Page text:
Agriculture Secretary Sonny Perdue visited Central State University today.

US Agriculture Secretary talks Chinese tariffs during visit to area college

Perdue is participated in a round-table discussion with 16 students or so and CSU president Cynthia Jackson-Hammond.

Questions from students have ranged from topics of careers in agriculture to current events, including tariffs recently announced by China that are designed to target American agriculture. The Chinese tariffs came in response to President Donald Trump’s tariffs on steel and aluminum.

RELATED: Chinese tariffs strike at soybeans, a key Ohio crop

Perdue told the crowd at Central State that he has spoken to the president about the Chinese tariffs and that the administration will not "allow farmers to bear the brunt and be the victims of trade disputes."

Ohio's soybean industry, which ranks 6th in the nation, is one of the sectors targeted by China's tariffs. Farmers are concerned about the tariffs because China is one of the top customers for Ohio soybean farmers, a spokeswoman from the Ohio Soybean Council told this news organization this week.

“The president wants me to assure you and others that…we’re going to use the resources of the USDA and the federal government to make sure the farmers aren't victimized," Perdue told Central State student Zachary Huff.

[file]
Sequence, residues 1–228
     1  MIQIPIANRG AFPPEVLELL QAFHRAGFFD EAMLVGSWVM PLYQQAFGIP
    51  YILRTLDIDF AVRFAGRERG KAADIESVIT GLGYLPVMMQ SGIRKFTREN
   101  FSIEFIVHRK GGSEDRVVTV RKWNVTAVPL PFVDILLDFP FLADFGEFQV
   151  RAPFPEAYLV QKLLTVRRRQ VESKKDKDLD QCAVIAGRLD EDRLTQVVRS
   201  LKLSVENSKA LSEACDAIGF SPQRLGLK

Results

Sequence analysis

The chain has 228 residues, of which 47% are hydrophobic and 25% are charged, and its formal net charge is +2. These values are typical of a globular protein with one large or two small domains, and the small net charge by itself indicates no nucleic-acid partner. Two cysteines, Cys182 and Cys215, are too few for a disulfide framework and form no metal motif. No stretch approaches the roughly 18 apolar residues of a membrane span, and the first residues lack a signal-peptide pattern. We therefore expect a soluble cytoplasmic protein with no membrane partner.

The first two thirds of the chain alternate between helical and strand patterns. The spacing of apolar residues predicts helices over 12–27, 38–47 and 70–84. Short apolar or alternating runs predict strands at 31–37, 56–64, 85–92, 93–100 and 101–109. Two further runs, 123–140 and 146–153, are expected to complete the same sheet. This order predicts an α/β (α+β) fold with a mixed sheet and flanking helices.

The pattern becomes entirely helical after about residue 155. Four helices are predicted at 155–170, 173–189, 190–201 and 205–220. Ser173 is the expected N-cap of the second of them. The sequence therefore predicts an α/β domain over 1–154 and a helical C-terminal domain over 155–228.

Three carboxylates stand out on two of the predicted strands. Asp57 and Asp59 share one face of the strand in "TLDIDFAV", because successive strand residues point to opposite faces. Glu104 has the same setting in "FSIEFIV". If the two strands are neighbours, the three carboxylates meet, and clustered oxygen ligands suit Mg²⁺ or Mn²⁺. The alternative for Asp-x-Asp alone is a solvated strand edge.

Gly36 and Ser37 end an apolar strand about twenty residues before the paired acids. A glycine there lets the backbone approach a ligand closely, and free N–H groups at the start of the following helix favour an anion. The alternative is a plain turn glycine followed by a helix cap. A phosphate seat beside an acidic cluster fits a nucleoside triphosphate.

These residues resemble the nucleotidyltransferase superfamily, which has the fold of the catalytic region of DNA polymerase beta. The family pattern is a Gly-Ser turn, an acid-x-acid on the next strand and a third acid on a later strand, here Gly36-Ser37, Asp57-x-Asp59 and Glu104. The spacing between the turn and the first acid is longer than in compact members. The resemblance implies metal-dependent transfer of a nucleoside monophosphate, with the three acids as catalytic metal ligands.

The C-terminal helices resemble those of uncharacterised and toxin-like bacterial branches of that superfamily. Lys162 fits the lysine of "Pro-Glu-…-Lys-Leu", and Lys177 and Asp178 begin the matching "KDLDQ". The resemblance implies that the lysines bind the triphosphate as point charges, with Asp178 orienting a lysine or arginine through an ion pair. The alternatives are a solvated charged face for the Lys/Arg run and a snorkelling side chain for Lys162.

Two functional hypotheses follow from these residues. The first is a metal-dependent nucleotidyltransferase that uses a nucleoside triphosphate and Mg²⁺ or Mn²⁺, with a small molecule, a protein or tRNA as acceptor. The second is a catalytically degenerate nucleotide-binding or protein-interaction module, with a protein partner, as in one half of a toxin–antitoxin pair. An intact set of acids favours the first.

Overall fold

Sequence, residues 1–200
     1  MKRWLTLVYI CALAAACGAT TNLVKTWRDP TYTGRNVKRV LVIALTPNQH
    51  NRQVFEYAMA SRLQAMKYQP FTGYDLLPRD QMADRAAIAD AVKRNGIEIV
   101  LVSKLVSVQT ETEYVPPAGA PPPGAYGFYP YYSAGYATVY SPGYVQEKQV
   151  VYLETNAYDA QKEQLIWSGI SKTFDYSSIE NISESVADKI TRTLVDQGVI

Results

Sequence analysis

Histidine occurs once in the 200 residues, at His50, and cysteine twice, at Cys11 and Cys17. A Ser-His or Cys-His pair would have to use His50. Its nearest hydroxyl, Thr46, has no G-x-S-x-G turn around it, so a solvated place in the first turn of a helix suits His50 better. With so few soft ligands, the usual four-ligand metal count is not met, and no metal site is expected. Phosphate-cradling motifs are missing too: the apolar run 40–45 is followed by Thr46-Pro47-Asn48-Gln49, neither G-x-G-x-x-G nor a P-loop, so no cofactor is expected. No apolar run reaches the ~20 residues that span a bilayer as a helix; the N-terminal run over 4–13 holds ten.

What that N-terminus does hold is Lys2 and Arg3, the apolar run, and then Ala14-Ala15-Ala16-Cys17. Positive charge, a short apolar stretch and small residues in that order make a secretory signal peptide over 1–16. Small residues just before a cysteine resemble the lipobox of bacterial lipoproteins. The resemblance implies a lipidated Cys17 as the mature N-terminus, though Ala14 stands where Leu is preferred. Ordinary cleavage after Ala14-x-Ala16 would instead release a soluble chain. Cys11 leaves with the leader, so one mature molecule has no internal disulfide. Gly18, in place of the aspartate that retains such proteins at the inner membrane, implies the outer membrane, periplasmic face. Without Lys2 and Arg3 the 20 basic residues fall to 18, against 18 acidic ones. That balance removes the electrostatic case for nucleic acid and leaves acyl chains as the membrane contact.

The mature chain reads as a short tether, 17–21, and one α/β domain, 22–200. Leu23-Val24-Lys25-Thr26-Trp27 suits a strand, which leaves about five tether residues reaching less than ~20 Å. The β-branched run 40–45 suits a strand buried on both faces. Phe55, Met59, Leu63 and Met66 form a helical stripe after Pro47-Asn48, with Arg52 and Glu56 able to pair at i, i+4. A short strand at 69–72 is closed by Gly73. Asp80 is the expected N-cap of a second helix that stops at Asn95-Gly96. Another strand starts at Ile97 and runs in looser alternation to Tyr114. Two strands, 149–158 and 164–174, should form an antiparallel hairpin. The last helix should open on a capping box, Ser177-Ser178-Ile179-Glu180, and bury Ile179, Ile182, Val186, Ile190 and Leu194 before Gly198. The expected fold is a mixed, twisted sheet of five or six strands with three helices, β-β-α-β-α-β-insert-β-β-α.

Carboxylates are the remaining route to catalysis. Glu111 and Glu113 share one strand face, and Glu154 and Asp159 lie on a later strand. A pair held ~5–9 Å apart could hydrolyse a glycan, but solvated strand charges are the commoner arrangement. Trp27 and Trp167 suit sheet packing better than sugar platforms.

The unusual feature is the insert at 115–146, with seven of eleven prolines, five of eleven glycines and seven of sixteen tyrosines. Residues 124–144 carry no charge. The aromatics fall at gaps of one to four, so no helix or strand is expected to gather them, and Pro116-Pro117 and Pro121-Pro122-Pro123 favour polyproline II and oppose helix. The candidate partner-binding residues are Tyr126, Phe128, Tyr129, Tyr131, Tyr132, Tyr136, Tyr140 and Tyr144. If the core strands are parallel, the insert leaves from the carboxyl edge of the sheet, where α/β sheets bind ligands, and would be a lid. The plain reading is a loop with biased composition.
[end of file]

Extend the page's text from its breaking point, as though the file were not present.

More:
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Perdue did not go into detail about what the federal government would do to shield farmers from tariffs, instead saying “(In) a trade war, you don’t necessarily tell the opponent everything you’re going to do.”

Perdue also encouraged Central State students to pursue internships and careers in agriculture.

“I would love for you young people to look at USDA as a career,” he said. “There are many careers in agriculture that you’re learning here and preparing (for) here.”

Perdue’s visit to CSU was part of a larger tour the secretary is making by RV throughout the U.S. On Wednesday, the secretary visited Lima and Celina and before arriving at Central State on Thursday morning he stopped by Yellow Springs, he said.

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